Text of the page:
Trujillo’s rather crude efforts to blackmail the government into abandoning its regulatory framework simply demonstrates that the logic of the market stands diametrically opposed to the interests of ordinary working people. Having opened up telecommunications to investors, the market dictates that the government remove all impediments to profit—including regulations designed to provide even limited guarantees of elementary communications services in all areas.

Labor—a plus for the government

While it nominally opposes the Telstra sale, the Labor Party has made clear that it has no intention of waging a public campaign against the plan. Labor leader Kim Beazley told Macquarie Radio recently that “he still hoped that Senator Joyce would change his mind” and again oppose the sale.

In reality, Beazley is calculating that government control of the Senate will result in the Telstra sale, along with other economic restructuring “reforms,” being pushed through and thus removed from the agenda. This would allow Labor to drop its “opposition” and appease big business, which has accused it of “obstructionism”.

Labor has drawn the conclusion from last year’s election loss that it has to accommodate even more closely to the demands of big business. Beazley has deliberately refrained from pledging to reverse the Telstra privatisation if Labor gains office. He has been at pains to remind corporate circles that it was a Labor government that pioneered the free market agenda—including the privatisation of major enterprises, such as Qantas and the Commonwealth Bank. Labor laid the basis for the current sell-off of Telstra by initiating its transformation into a profit-making company.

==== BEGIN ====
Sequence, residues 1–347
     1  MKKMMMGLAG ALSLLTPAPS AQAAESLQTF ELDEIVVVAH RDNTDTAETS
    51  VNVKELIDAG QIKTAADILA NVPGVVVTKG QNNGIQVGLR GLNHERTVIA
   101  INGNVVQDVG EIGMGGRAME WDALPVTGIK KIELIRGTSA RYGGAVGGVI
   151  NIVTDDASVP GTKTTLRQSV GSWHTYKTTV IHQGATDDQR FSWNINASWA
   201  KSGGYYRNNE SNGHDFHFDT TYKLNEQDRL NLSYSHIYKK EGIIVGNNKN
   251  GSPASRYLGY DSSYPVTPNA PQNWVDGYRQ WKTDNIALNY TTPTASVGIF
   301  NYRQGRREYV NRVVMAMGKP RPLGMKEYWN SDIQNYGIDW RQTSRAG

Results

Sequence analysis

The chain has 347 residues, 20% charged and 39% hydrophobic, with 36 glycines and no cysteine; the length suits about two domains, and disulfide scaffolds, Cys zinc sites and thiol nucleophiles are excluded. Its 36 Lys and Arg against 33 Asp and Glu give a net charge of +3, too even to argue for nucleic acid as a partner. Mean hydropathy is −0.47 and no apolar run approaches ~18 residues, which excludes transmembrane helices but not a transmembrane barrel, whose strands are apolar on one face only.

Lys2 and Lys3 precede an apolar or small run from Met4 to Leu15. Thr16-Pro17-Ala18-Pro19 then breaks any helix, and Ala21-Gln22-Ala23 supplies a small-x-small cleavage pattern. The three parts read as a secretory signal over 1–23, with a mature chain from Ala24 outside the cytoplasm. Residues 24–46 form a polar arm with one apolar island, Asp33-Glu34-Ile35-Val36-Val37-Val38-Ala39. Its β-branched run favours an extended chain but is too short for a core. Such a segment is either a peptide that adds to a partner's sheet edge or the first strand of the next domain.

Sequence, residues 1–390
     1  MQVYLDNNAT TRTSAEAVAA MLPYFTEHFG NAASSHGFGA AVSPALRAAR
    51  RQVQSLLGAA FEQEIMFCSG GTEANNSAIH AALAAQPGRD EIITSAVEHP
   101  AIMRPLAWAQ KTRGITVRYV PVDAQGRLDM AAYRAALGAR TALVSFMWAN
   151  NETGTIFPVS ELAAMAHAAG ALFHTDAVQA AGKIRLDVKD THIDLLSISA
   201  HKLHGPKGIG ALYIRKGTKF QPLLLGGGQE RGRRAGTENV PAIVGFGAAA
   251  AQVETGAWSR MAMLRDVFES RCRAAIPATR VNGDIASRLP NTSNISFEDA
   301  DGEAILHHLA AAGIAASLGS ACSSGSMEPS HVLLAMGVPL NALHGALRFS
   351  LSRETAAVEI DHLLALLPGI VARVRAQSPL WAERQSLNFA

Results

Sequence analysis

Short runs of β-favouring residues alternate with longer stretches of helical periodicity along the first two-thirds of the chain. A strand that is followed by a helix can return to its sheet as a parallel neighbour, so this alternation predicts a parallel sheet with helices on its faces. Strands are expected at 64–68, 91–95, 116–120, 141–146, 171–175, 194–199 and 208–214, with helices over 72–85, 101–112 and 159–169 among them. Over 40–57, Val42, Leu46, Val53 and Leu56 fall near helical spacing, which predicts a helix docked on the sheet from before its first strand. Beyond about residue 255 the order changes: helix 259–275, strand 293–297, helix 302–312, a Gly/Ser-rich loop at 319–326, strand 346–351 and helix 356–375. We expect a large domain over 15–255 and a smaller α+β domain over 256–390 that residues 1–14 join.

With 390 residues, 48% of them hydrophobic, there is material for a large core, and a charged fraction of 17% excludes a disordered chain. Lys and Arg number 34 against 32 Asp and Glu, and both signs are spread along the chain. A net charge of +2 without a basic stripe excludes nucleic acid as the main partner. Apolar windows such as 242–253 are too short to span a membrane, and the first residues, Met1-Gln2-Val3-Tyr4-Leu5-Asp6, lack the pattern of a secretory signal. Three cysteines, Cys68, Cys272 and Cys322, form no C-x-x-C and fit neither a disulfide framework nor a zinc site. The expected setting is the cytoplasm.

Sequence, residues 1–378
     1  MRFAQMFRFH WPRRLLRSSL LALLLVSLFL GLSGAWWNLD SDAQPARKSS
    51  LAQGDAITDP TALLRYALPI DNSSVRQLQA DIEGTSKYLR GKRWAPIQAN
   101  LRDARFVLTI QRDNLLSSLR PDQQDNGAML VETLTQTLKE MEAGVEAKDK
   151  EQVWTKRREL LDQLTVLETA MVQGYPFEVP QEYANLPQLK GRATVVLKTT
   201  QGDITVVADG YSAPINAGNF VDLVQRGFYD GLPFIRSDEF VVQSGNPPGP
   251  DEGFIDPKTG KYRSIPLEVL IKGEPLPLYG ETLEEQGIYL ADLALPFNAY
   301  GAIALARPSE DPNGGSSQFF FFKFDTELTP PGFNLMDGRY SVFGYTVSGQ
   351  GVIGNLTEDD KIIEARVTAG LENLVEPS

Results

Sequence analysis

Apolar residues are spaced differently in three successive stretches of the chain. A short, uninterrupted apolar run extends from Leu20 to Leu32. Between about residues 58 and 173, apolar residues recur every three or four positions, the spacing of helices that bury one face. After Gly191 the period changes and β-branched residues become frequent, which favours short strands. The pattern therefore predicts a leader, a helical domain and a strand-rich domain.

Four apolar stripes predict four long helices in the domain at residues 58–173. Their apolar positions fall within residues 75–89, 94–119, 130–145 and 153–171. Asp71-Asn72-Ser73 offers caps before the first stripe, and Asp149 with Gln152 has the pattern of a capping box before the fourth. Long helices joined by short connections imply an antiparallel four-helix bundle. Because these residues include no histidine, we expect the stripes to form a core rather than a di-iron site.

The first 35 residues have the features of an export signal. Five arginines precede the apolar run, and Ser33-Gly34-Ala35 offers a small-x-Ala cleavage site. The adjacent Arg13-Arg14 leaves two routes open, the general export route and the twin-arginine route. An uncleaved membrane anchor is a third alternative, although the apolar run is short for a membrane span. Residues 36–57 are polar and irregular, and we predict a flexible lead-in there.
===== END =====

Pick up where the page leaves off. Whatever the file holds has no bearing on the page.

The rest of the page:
Similarly, the CEPU—the main communications union—has accommodated itself to the sale of Telstra and abandoned even the pretence of an industrial and political campaign to oppose it. The union now restricts itself to little more than sending impotent protest letters to the media. Even Telstra’s recent threat to axe 1,000 jobs once privatised, failed to move it to threaten industrial action.

The Telstra sale is just one of many market “reforms” that were held up in the Senate. Now that the government has control of both houses of parliament, big business is insisting that it get on with the job of pushing through everything, from changes to industrial relations laws to amendments to media ownership regulations. As the dispute over the sale of Telstra demonstrates, Howard’s very “success” at the last election could rapidly turn into its opposite as the festering divisions between and within the Coalition partners come to the surface of political life.